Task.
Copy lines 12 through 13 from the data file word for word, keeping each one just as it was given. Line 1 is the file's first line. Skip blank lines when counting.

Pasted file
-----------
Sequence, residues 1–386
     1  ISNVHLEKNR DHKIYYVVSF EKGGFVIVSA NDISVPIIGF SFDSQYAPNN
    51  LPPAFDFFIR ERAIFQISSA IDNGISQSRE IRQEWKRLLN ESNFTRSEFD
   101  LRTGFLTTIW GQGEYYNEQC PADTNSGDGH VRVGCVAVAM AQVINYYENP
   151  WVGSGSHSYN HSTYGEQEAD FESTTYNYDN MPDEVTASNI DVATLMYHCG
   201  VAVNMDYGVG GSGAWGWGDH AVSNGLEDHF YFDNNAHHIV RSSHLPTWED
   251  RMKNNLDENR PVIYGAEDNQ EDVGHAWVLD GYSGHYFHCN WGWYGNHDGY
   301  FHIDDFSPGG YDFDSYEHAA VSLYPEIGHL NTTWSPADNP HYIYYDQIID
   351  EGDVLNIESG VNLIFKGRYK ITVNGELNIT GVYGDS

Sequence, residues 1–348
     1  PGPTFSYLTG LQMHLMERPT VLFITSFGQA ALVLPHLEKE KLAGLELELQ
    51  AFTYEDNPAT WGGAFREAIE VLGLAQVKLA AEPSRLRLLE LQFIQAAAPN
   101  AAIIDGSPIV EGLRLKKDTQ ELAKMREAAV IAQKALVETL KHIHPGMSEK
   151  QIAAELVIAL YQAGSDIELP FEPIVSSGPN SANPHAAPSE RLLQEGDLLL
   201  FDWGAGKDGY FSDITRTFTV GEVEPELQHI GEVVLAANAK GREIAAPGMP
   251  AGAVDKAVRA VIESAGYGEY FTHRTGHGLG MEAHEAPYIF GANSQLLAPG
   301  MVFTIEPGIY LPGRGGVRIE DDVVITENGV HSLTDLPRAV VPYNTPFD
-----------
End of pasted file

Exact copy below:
    51  AFTYEDNPAT WGGAFREAIE VLGLAQVKLA AEPSRLRLLE LQFIQAAAPN
   101  AAIIDGSPIV EGLRLKKDTQ ELAKMREAAV IAQKALVETL KHIHPGMSEK